Additionally, the GDPR determines that the processing of personal data of data subjects who are in the Union by a controller or a processor not established in the Union are subject to the GDPR where the processing activities are related to:
(a) the offering of goods or services, irrespective of whether a payment of the data subject is required, to such data subjects in the Union; or
(b) the monitoring of their behaviour as far as their behaviour takes place within the Union (Article 3(2)).
Therefore, companies based outside the EU are not released from data protection obligations imposed by the GDPR when offering goods or services, or monitoring behavior of data subjects within the EU, which ensures significant extraterritorial reach of the GDPR.
Broad territorial scope of the GDPR together with high administrative fines in case of infringements of the Regulation (Article 83) is viewed as a strict regime by privacy sceptics and has given rise to a debate. However, on the other hand, there is no doubt that the legal framework should be adjusted in order to answer modern-day privacy challenges. In parallel with technological developments, privacy concerns increase which necessitates the emergence of appropriate safeguards and legal regulation.
Proportionality remains the significant principle which is explicitly guaranteed by the GDPR. In particular, Recital 4 declares that “the right to the protection of personal data is not an absolute right; it must be considered in relation to its function in society and be balanced against other fundamental rights, in accordance with the principle of proportionality.” Furthermore, Article 85 of the GDPR refers to exemptions and derogations for processing carried out “for journalistic purposes and the purposes of academic, artistic or literary expression” if they are necessary to reconcile the right to the protection of personal data with the freedom of expression and information.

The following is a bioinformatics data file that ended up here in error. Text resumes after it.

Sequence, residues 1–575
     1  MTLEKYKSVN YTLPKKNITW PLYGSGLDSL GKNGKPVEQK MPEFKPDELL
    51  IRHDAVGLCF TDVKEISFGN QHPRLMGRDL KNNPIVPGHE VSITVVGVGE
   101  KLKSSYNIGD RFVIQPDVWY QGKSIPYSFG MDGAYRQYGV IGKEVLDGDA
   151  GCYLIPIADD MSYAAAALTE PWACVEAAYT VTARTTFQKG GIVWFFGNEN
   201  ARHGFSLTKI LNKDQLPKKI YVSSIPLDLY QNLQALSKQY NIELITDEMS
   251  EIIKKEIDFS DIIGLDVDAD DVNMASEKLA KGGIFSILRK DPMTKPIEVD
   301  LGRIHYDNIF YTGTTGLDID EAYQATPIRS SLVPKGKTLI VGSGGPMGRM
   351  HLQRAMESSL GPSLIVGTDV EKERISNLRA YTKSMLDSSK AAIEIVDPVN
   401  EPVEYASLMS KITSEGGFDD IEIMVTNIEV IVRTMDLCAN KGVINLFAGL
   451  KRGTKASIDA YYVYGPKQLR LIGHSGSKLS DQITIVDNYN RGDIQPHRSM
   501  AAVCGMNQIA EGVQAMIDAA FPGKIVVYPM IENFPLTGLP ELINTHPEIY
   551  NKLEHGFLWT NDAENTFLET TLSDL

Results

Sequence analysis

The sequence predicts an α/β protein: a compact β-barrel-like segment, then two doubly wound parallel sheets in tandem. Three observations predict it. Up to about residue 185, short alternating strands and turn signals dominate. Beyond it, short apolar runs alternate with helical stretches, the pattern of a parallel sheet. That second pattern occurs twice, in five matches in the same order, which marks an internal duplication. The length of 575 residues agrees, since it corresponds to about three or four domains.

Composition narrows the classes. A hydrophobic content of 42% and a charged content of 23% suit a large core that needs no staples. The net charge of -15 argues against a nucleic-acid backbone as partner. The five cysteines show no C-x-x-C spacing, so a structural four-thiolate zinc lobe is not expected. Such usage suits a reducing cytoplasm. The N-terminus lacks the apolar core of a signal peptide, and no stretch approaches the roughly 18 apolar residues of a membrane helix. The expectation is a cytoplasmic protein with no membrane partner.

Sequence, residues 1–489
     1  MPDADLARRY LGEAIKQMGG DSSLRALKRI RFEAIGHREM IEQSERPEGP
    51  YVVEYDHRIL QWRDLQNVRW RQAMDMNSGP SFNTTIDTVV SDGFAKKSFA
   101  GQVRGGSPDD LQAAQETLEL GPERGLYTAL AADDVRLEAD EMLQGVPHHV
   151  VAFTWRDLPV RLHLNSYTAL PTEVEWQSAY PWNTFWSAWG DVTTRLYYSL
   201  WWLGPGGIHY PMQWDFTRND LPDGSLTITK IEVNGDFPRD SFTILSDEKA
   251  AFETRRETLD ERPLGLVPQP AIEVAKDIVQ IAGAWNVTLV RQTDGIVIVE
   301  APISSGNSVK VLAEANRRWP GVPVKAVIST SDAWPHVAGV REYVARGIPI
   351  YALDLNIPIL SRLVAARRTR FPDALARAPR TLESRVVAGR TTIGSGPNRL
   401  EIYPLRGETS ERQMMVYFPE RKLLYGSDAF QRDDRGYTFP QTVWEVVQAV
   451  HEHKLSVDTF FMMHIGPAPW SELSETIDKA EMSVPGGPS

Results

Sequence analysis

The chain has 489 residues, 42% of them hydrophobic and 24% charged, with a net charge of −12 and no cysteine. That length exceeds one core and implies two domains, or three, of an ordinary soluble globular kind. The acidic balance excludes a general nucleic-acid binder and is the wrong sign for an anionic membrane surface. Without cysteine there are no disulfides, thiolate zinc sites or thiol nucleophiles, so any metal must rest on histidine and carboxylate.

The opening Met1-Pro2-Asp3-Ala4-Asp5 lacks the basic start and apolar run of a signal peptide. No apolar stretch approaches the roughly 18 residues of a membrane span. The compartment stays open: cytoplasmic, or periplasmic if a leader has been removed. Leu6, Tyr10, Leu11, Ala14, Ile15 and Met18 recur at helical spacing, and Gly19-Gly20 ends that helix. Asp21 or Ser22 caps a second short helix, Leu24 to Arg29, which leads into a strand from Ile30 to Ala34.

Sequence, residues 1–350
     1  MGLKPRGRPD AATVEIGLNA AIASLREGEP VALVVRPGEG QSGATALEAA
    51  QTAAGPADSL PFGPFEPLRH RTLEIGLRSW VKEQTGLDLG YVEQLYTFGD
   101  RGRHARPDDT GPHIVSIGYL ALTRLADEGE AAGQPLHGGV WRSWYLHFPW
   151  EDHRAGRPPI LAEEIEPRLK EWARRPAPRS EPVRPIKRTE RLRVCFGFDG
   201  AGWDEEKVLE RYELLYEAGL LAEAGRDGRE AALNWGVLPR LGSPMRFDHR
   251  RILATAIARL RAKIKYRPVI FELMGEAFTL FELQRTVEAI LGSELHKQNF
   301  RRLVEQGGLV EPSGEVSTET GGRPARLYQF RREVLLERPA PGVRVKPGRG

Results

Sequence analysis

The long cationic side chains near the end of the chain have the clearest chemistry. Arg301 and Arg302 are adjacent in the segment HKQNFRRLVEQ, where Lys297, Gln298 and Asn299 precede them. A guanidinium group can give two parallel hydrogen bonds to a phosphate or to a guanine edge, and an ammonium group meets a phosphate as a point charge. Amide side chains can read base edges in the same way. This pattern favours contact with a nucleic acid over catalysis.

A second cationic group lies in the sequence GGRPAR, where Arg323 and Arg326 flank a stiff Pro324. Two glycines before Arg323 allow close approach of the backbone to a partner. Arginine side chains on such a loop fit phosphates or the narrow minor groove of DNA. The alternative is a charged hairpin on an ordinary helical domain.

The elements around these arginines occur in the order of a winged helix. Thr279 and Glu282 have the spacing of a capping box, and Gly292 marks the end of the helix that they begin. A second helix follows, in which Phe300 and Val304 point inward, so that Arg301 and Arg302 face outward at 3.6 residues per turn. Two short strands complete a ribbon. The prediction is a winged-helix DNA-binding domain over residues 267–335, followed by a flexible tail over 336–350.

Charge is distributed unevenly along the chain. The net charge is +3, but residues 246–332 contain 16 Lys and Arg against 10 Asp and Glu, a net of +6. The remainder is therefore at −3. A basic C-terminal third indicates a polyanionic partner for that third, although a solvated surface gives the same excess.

When enforcing the right to be forgotten in the online world, important questions arise whether the information should be removed globally. Google Spain judgment and its legal implications are of particular significance in this regard. In response to the requests submitted regarding removing certain URLs, Google started to delist links from all European versions of Google Search (like google.de, google.fr, google.co.uk, etc) simultaneously. Moreover, Google also started to use geolocation signals (like IP addresses) to restrict access to the delisted URL on all Google Search domains, including google.com, when accessed from the country of the person requesting the removal. However, the French data protection authority required Google to apply the right to be forgotten to all searches on all Google domains. Following the reference by French court, the Court of Justice has to decide on the question whether the ‘right to de-referencing’ be “interpreted as meaning that a search engine operator is required, when granting a request for de-referencing, to deploy the de-referencing to all of the domain names used by its search engine so that the links at issue no longer appear, irrespective of the place from where the search initiated on the basis of the requester’s name is conducted”. It should be noted that the global removal of information might produce negative consequences worldwide. As stressed by Google, “how long will it be until other countries - perhaps less open and democratic - start demanding that their laws regulating information likewise have global reach?”
Guaranteeing the right to erasure under the GDPR cannot be considered as a silver bullet answer to the risks and challenges of the internet age, however, the value of the overall aim of the regulation – increased control of individuals of their personal data - should not be underestimated. Can we have a realistic expectation of privacy online and how much valuable information might be lost in translating legal requirements into practice? – Probably these questions gain more and more relevance, and necessitate taking due account of the very nature and the challenges of the internet age.
Photo credit: PR Week